A poweful, well-researched country-by-country summary of the months between December 2010 and early 2012, alongside their reverberations in the White House. Lynch places an emphasis on pop culture and the effects of television, the internet and the mobile phone in countries formerly accustomed to strict censorship.
As he turns 80 this year, Chinua Achebe publishes a collection of 16 essays on growing up in colonial Nigeria. He speaks fondly of a British education, while meditating on the damage inflicted by colonialism and the state of his post-colonial homeland.
Barnaby Rogerson had edited this delectable book from the reliable Eland publishing house. Contains extracts by Esther Freud, Edith Wharton and George Orwell. Wonderful choice for holiday reading and a literary way to get to know the city.
This is the memoir of Alexandra Fuller, a young girl growing up in an extraordinary family in violent, 1970s Rhodesia. Steeped in a passion for Africa and told with courage, honesty and humour, it is highly recommended.
A gripping yet disheartening biography of Kenyan whistle-blower John Githongo, the man appointed by Kibaki's government to tackle corruption and was then flummoxed at every turn by a civil servants concerned with lining their own pockets.
Pieced together from diaries and letters written in the early 20th century, Christina Lamb narrates the story of Stewart Gore-Browne, a man who tried to build the perfect English estate on the edge of a Zambian lake. From whimsical ambitions to his unconventional love life, Lamb has brought her subject and his curious story to life.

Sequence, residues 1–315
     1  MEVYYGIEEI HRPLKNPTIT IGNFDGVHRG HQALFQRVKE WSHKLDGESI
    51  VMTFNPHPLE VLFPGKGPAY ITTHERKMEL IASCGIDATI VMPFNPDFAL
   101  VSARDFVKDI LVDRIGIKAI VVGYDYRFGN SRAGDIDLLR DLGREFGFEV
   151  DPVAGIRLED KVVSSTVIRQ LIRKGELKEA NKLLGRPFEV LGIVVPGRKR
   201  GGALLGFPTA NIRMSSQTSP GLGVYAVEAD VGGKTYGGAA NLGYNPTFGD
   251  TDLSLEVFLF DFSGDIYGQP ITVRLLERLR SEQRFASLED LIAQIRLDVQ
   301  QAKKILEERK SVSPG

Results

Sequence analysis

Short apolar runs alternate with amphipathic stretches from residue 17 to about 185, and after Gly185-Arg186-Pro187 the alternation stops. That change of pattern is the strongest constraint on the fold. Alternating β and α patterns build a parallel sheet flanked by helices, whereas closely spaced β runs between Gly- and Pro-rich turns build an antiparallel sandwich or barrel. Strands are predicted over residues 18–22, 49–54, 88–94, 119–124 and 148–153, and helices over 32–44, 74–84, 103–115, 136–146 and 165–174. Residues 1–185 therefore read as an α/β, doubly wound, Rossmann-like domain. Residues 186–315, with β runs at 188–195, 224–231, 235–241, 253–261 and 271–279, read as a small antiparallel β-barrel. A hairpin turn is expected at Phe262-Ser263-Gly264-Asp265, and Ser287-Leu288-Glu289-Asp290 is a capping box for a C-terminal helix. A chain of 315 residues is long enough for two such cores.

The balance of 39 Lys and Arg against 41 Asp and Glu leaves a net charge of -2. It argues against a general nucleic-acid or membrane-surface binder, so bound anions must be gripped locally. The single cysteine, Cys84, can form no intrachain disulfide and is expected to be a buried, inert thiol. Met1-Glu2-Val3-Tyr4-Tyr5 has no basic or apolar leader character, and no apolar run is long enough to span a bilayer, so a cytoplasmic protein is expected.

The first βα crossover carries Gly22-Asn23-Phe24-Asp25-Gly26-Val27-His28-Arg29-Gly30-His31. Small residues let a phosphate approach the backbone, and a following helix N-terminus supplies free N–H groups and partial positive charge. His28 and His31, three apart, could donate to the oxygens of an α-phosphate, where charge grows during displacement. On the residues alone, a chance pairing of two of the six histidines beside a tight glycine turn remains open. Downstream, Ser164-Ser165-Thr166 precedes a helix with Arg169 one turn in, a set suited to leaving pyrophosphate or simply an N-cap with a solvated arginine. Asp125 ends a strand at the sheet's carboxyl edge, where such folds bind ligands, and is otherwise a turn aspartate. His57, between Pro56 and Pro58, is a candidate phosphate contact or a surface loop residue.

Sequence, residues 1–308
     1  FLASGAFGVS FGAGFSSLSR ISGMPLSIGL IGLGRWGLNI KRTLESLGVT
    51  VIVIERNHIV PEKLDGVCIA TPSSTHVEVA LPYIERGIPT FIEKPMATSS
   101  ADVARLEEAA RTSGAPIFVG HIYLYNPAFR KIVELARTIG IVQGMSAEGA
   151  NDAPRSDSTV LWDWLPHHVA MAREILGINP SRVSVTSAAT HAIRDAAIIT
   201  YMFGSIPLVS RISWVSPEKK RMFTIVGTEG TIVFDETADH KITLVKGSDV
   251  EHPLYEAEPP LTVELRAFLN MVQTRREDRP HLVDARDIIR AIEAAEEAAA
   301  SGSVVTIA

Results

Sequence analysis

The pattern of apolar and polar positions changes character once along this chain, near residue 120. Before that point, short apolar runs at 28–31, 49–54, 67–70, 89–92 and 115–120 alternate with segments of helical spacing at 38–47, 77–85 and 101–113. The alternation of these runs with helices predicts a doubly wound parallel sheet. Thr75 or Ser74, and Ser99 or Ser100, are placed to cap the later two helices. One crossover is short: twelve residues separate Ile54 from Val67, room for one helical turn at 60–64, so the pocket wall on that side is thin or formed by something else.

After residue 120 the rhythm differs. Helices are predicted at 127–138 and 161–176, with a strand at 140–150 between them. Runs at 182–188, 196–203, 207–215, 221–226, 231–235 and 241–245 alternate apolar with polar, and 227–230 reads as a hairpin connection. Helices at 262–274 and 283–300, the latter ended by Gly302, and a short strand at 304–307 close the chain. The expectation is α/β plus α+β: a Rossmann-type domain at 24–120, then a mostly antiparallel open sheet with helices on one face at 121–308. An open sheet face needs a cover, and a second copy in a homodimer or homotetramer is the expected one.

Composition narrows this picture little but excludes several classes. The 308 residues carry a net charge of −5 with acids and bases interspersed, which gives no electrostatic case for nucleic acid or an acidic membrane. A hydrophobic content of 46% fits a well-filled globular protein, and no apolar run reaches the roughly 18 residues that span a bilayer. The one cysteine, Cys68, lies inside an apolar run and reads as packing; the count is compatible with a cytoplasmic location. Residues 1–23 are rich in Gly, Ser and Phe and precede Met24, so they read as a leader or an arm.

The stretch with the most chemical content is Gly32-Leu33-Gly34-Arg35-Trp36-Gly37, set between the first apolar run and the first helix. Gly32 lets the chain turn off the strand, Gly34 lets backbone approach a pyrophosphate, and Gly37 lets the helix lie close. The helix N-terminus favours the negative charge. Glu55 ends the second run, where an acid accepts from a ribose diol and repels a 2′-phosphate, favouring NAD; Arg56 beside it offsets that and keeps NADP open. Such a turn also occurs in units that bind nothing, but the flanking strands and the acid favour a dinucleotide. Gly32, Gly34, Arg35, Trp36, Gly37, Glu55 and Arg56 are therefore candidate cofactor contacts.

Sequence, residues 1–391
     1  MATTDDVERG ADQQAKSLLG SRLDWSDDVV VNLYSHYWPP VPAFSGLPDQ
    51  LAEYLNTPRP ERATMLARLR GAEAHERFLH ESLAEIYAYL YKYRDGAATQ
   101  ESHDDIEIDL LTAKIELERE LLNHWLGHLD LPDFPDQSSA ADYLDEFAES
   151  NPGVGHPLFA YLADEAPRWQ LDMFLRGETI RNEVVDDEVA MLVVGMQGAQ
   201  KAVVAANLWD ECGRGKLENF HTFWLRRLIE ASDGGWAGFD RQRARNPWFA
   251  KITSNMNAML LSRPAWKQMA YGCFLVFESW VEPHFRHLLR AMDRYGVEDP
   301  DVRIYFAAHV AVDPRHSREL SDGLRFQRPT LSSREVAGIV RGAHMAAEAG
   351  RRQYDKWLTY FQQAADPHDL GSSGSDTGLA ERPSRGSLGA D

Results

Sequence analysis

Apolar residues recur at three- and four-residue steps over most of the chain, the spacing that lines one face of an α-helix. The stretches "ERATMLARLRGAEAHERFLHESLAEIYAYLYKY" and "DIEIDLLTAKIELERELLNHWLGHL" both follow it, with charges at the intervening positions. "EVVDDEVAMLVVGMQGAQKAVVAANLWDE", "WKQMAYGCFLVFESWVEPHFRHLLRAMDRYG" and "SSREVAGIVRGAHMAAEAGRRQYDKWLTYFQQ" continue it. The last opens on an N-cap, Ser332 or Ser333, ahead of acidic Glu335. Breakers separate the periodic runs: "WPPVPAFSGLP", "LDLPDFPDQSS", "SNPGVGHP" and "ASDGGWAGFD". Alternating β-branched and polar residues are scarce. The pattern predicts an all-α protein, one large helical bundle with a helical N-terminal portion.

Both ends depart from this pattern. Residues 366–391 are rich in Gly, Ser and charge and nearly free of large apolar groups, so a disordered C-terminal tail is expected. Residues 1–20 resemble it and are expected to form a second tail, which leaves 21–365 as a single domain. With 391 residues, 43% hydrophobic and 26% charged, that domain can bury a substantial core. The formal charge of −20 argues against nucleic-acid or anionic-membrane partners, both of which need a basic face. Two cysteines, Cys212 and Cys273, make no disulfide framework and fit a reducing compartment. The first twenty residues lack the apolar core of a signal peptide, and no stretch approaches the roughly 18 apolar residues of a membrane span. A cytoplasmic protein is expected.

A compelling memoir from journalist Peter Godwin about an idyllic African childhood during the 1960s, surviving the brutal civil war and returning as an adult to an independent Zimbabwe. Described by Doris Lessing as "an informative book, full of history, [which] should be in the library of anyone interested in southern Africa."
This is both the sequel and the prequel to fuller's highly-acclaimed memoir, Don't Let's Go to the Dogs Tonight. It tells the story of her mother's arrival in Rhodesia, her experiences during the Civil War, and her life now in the Zambezi Valley.
Rian Malan is the descendent of the Prime Minister Daniel Francois Malan, one of the founding builders of apartheid. He fled South Africa in 1977 but returned in 1985 to face his past, his conscience and to write this book.
Andre Aciman's poignant memoir about his flamboyant Jewish family and their life in Alexandria until they were forced to leave in 1964. He weaves in anecdotes about his Uncle Villi the spy, his deaf mother and Aunt Flora the German refugee, with poetic descriptions of the city that he loves. Heartfelt, moving and steeped in nostalgia.
Now quite rightly regarded as a masterpiece, Reader's massive and magnificent continental history begins with geological roots and concludes with political strife. In between he provides a thorough and illuminating account, challenging many misconceptions, that will appeal to experts and newcomers alike.
This powerful and clear-sighted book addresses with fiery vigour the depredation of African wildlife and the landscapes it inhabits. From pygmy elephants in the Congo Basin to peacocks in Zaire, Matthiessen covers considerable ground in sparse yet lyrical prose. Terrific.
Philip Gourevitch, journalist and editor of the Paris Review, took the title of this book from a note that was sent from a persecuted Tutsi pastor to his Church president. This collection of real-life stories from survivors of the Rwandan genocide is as human, heartbreaking and intricately researched. Highly recommended.
Well written, accessible general history with less academic credentials than that of Harold Marcus but the better choice for those who appreciate narrative verve. In passing, we recommend also his "Ethiopian Journeys".